I have always had mixed feeling on freedom campers.
Love them, or loathe them, they love staying in our region.
But striking an appropriate balance between the need to welcome visitors and mange those who misbehave has proved difficult for our city.
My encounters with freedom campers have been both good and bad.
I get a bit fed-up of our busy city car parks being used as dining halls, and feel frustrated when children have been unable to use public restrooms due to hoards of campers brushing their teeth.
I even heard that some female freedom campers were washing their underwear in a public drinking fountain!
But, I know they are not all bad.
I was in Montgomery Square the other day, when I witnessed a local man swearing and yelling at a young freedom camper for rinsing a plate under a tap.
Afterwards, a group of local guys came up to him and apologised for the man’s behaviour.
They said: “Don’t worry, you’re welcome here.”
I then approached two American freedom campers who had witnessed it all from their van, to see what they thought of it all.
The two women raved about our city, and told me they that like many others, they were simply making the best of what facilities were available to them – respectfully.
They said that while they may not be spending money on accommodation, they were spending it at our local markets, cafes, shops and petrol stations.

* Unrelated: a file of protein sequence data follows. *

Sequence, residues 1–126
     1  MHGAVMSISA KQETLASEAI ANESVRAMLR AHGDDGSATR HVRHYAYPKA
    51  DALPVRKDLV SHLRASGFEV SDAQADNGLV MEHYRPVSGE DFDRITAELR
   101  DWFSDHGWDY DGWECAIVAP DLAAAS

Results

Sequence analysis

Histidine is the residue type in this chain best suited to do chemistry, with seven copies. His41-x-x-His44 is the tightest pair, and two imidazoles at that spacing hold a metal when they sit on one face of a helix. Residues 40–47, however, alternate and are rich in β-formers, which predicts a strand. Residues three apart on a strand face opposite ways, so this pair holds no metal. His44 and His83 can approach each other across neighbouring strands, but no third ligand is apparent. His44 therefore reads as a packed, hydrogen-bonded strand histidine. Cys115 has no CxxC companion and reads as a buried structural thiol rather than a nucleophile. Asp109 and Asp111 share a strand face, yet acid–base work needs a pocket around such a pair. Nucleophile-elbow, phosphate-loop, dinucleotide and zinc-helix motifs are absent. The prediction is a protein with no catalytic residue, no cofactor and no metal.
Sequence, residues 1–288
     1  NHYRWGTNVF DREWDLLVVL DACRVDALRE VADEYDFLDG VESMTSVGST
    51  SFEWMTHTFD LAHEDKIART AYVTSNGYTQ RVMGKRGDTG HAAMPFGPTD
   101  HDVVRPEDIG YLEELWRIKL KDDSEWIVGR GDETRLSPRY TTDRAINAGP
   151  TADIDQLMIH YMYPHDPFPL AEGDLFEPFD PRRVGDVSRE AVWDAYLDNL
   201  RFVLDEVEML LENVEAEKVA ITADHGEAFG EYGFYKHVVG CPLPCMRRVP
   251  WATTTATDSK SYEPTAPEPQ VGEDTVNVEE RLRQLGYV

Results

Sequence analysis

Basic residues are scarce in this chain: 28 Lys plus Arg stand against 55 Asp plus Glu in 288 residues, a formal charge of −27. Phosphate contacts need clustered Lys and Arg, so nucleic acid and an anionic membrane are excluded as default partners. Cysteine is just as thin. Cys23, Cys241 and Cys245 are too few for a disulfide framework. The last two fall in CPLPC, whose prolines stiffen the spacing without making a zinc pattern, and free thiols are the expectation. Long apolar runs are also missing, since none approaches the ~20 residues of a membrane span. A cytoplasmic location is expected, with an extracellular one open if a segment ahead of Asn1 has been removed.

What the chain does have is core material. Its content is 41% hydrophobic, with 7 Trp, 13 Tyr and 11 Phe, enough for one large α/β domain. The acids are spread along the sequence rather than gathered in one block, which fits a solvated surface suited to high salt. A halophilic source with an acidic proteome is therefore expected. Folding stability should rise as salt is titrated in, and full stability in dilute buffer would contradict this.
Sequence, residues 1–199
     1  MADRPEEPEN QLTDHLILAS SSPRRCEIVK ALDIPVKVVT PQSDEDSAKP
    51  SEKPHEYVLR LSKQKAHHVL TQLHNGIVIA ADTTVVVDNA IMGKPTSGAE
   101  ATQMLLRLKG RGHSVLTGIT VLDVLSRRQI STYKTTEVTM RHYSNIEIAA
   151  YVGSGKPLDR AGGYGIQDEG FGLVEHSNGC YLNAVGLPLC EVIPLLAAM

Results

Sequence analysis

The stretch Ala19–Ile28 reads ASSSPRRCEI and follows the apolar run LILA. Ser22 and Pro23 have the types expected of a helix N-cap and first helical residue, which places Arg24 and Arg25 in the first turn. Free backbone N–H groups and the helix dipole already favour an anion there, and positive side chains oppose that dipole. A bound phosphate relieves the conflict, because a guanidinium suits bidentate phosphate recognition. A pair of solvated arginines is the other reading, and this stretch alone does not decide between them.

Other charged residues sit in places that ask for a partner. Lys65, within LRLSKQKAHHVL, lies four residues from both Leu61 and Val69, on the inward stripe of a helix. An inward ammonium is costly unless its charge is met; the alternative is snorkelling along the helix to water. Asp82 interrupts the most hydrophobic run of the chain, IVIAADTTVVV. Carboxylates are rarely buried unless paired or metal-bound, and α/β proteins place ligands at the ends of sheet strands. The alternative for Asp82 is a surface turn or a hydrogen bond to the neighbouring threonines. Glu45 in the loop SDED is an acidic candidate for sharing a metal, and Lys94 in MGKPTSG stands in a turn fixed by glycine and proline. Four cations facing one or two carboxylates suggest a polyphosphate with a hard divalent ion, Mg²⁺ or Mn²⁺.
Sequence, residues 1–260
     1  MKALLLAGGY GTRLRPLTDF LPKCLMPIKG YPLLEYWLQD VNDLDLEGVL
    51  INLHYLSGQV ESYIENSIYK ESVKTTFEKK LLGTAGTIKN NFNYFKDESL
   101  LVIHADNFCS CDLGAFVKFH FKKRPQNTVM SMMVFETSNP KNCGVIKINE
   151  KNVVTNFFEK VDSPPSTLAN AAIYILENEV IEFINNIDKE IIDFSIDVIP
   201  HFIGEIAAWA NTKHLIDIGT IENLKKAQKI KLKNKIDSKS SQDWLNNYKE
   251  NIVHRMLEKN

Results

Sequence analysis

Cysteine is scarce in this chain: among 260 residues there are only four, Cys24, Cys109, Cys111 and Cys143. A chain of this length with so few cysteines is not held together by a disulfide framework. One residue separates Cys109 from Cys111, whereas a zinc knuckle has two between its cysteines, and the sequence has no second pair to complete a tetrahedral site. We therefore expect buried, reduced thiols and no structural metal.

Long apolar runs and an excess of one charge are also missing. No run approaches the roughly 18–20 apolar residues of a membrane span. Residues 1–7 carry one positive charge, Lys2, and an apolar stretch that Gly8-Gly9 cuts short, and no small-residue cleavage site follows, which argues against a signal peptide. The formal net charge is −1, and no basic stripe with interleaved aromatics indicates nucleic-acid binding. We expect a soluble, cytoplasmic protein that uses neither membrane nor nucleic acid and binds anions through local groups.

Not just buying “$1 loaves of bread and cheap cask wine,” like some seem to think.
But, despite the good ones, I do think it’s a good idea that Nelson City Council are proposing a bylaw for next summer, which would mean that unless freedom camper’s vehicles are self-contained, they would have to stay at a motor camp.
And here’s why: Despite council spending $80,000 to create three designated areas that were actually used well, the problem areas, such as Buxton and Montgomery Squares and Tahunanui Beach, have still been jam-packed. It’s not ideal.
But until an appropriate bylaw is in place, freedom campers deserve to be treated with respect.
They are still our guests, and we want them to have a great time here, and most importantly, be kept safe. The Freedom Camping Bylaw will be discussed at a Nelson City Council meeting on March 23.